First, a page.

(edit conflict) Words like bungalow, you mean? Whilst I can pretty much always understand reports in The Hindu, the same is not true of The Times of India which, to be frank, often seems to contain a lot of ambiguity and contradiction even when it is intelligible - I'm not convinced that it is a good example of any form of English! All this said, I add {{use Indian English}} to articles and will continue to do so; if nothing else, it helps future contributors in understanding that, say, a quotation is indeed quoted accurately even if it looks a little odd to many of them. But I still generally polish the garbage in a British English way, sorry. And you're right: there is little chance of getting consensus to deprecate the template, if that is the ultimate point of this thread. - Sitush (talk) 14:19, 15 January 2019 (UTC)
@Rhadow: Well, register is an important difference even in written English. What might be informal or casual in AmE or BE might be normal in IE. Or what might be normal in IE might be archaic in BE. Sitush has given the example of "cops" being used in newspapers. There are many others I have come across. I have seen mixing of formal and informal registers in the same sentence, e.g. in this made up example "I saw at once the bloodied body below and the cops' helicopter above." This a common in newspaper columns. I am not disagreeing with you, but IE is being documented (see the corpora of Indian English: ICE-IND corpus and the Kohlapur corpus and the numbers of IE speakers is increasing with increased literacy in India. I expect the difference will grow as well. Fowler&fowler«Talk» 14:39, 15 January 2019 (UTC)
So Fowler&fowler, at your suggestion, I looked at the front page of today's Times of India. The article on Brexit was sourced in London and might have been edited at Reuters. Another article, "1.4 crore people take dip as Kumbh Mela begins". [[1]]. The lede reads, "The sacred baths began at break of dawn as the sun rose over the horizon and went on through the day till the last rays set over the Sangam, the chants of "Har Har Gange" reaching a crescendo as lakhs of people took a dip to mark the beginning of the beginning of the Kumbh Mela on Tuesday." This is the voice, tone, and attitude I should adopt as I write about railway stations? It's a fine piece of prose, lyrical, even, but has no place in Wikipedia. Dropping the before "break of dawn" was poetic. It recalls Homer: "When rosy-fingered Dawn came bright and early." If this the style I am to adopt for railway stations and dams, fine. I just need to hear it from others. Rhadow (talk) 15:26, 15 January 2019 (UTC)

─────────────────────────@Rhadow: When someone starts talking like an ass, they can't expect to receive cogent responses. That is not directed at you, only an example of mixed registers. Why don't you rail at the pages that have


 ? All three country articles carry them. Ask them how reading Naipaul, Robertson Davies, or Patrick White will will help you write articles on the railroads. All the very best. Fowler&fowler«Talk» 15:52, 15 January 2019 (UTC)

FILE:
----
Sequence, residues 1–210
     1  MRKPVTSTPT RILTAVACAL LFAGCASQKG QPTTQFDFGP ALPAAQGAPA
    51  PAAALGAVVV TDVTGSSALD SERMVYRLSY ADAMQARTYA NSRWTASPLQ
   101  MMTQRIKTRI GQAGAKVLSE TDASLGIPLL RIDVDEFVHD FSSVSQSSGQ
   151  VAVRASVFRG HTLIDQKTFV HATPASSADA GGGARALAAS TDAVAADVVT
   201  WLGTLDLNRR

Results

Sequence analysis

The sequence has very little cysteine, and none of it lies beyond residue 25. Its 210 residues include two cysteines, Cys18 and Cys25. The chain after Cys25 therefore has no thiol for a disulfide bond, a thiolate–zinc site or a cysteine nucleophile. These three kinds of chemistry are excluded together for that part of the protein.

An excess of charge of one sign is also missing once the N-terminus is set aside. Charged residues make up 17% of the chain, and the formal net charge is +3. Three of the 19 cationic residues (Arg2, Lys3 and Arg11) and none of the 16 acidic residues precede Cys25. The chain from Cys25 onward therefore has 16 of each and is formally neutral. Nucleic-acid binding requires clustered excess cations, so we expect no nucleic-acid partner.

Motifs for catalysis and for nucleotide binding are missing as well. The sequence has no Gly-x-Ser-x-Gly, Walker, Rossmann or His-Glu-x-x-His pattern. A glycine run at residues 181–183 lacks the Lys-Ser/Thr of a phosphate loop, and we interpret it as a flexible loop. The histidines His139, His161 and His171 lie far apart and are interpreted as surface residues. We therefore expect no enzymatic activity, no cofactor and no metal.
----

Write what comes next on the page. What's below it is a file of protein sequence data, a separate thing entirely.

Fowler&fowler, ask me dat nuh! It have only two articles marked {Trinidadian English}. [register changes here] The article Trinidadian and Tobagonian English has itself been marked for two years {Use American English}. There are no articles marked {Australian English} or {Canadian English}. An encyclopedia needs to be written in a style appropriate to the reader unfamiliar with the topic. Lakhs and crores are as familiar to most people as guineas and furlongs, colorful language, but not useful in expository writing.
I am not railing, nor do I intend to be an ass. I only hope to normalize Wikipedia to a universally useful and mutually intelligible source of information. There is no reason for the encyclopedia to use flowery local language when encyclopedic style is more appropriate. I am happy to accept Oxford spelling for those national articles where it is used. All the best. Rhadow (talk) 14:12, 16 January 2019 (UTC)
@Rhadow: There are 93 thousand articles that say up top, "Use Australian English" when you edit the articles. (See Category:All Wikipedia articles written in Australian English). Over 4,000 say, "Use Canadian English." See Category:All Wikipedia articles written in Canadian English. The Wikipedia articles for these two countries, both FAs, have "This article is written in ..." (as displayed above). See Talk:Australia, Talk:Canada. See also Talk:Trinidad and Tobago, Talk:Trinidad for the respective Trinidad English signs. Over 1,200 articles are written in Jamaican English; see Category:All Wikipedia articles written in Jamaican English. Over a hundred are written in Nigerian English: Category:Use Nigerian English. 154 are written in Singapore English; see Category:Use Singapore English; over 2,400 use Hong Kong English; see Category:Use Hong Kong English. 12,000 are written in New Zealand English; see Category:Use New Zealand English. Some 2,300 use Pakistani English; see Category:Use Pakistani English. Over 5,000 use South African English; see Category:Use South African English. Over 108,000 use Indian English; see Category:Use Indian English. Over 198,000 are written in British English; see Category:Use British English. The remaining, millions and millions, are written in the Wikipedia default, American English. So, really, why even have British spelling, considering its output constitutes a minuscule fraction of all WP output.